Lisbon, Portugal –
What’s this thingy then?
The BMW 6 Series is a luxury grand tourer, that is, it’s supposed to do the things a Bentley Continental or Mercedes-Benz S-Class coupe (previously CL) can do: Fly across countries at ludicrous speed, leaving your hair and bowels unruffled.
A fast, luxurious and expensive BMW. What needed fixing then?
As a BMW, a little more was expected of its driving dynamics, but it didn’t quite deliver, having an unsettled ride, sometimes vague handling, confused gearbox and feeling large even after you left the highway. It wasn’t terrible – it just wasn’t as good as the competition, or its badge, implied.
Ah, and this is the cure?
Yes, and a surprising one: Established wisdom has shown that a facelift usually does little to help a car’s driveability, since the mechanical bits that make it what is are typically unchanged. But the car world is rapidly changing and the new 6, with its mid-life facelift, shows just how much can be improved by ‘minor’ changes.
So if they didn’t change anything, what did they do?
The mechanicals are almost entirely the same, yes. What’s very different is the car’s tuning, which (like every other advanced vehicle nowadays) means its steering, adaptive suspension and gearbox settings have all been updated via software – and a whole lot of development work.
BMW 6 SERIES: RIVALS REVIEWED
And does it help?
It’s obvious that the 650i has seen major improvements, both at high and low speed. The ride quality is notably improved, thanks to the increased variance between the car’s various modes: Sport mode feels truly so, the same for Comfort, and between them you’ll surely find something to suit the road or your mood. Apply power and more of the energy is converted into leaping forward, as opposed to wasted squats, while it doesn’t wallow into depressions in the tarmac as well.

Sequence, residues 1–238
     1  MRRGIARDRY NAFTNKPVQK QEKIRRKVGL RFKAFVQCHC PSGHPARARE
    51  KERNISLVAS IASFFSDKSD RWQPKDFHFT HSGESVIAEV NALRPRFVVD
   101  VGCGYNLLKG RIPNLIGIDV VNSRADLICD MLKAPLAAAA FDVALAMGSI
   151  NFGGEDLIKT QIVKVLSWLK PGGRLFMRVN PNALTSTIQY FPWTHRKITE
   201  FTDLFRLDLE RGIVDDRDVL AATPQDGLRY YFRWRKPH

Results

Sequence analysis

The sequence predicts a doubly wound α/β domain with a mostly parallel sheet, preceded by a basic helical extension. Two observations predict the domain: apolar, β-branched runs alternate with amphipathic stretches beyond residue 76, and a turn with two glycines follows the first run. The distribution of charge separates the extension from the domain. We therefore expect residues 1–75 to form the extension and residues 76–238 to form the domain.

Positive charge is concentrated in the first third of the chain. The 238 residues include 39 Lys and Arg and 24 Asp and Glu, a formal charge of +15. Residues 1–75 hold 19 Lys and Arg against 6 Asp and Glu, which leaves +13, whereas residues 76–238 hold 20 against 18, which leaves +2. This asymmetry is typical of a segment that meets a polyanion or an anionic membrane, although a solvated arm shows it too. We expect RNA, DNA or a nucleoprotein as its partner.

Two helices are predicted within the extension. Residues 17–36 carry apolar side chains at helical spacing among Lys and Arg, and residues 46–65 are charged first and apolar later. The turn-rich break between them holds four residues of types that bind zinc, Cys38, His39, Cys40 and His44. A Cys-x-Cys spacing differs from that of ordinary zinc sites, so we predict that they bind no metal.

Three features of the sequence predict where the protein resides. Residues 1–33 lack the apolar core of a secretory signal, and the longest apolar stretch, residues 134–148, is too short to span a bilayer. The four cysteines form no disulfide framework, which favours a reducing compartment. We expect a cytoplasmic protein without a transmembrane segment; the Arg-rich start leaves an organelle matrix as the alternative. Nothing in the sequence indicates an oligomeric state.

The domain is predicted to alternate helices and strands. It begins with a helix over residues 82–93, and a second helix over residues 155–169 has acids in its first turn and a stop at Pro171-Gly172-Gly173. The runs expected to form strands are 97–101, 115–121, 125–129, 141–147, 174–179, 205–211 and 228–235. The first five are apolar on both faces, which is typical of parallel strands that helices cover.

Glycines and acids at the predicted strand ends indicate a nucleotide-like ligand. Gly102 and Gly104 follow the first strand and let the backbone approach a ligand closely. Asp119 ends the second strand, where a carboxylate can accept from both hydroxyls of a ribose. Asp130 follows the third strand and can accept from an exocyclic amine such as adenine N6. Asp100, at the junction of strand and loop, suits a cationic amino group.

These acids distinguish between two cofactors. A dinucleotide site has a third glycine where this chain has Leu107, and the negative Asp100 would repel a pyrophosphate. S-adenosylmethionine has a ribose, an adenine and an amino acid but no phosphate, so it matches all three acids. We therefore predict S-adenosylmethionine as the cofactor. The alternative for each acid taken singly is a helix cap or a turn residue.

That, along with improved steering, means the 650i gains the sort of all-round drivability it once lacked. If it once felt too large for Singapore, it’s because it felt best on wide, open highways where its 4.4-litre twin-turbo V8 (as tested on the X6 xDrive50i and X5 xDrive50i) can be put to best use. That’s no longer the case as now the 650i is happy to support you on twisty mountain roads to even city streets as well.
What’s best about it?
Probably the tremendous power and torque from the engine, the improved gearbox, and the fact that it comes with a Sport Exhaust system which (if you keep the windows down) endows the 650i with a snarl and growl that is exactly the right touch for a car that used to lack drama.
It looks different, too – this is still a facelift after all. An M Sport kit That adds a more aggressive front end (courtesy of a different body kit), plus other incidental M bits like the fat-sausage three-spoke steering wheel and aluminium pedals. New headlights (LED, non-adaptive units are now standard), new grille colours and slight aero tweaks (wing mirrors and taillights, plus flat panels on the underbody) round out the changes to the car’s bodywork.
BMW 650i Coupe
NEED TO KNOW
Engine 4,395cc, 32V, V8, twin-turbo
Power 450bhp at 5500-6000rpm
Torque 650Nm at 2000-4500rpm
Gearbox 8-speed automatic
Top Speed 270km/h
0-100km/h 4.6 seconds
Fuel efficiency 8.6L/100km
For the full review of the 650i Coupe, Cabriolet as well as the new 1 Series, be sure to pick up CarBuyer #233 which is out on newsstands in mid-April, or check back to CarBuyer.com.sg.